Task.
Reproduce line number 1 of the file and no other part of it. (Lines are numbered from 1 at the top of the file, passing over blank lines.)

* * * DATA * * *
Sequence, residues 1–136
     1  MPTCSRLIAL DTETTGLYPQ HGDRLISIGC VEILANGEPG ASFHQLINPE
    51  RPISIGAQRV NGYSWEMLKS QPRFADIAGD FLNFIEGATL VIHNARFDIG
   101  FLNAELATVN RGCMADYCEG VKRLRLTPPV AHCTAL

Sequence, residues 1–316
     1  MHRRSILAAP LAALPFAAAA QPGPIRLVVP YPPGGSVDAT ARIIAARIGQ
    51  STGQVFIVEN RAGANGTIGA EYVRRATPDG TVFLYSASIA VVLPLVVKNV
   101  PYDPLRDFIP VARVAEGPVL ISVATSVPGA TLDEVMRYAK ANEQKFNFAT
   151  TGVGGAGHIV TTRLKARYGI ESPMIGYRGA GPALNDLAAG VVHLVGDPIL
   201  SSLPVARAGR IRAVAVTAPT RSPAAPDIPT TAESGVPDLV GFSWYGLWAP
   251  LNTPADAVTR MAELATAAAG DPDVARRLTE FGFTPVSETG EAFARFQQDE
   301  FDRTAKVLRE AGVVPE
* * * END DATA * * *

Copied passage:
Sequence, residues 1–136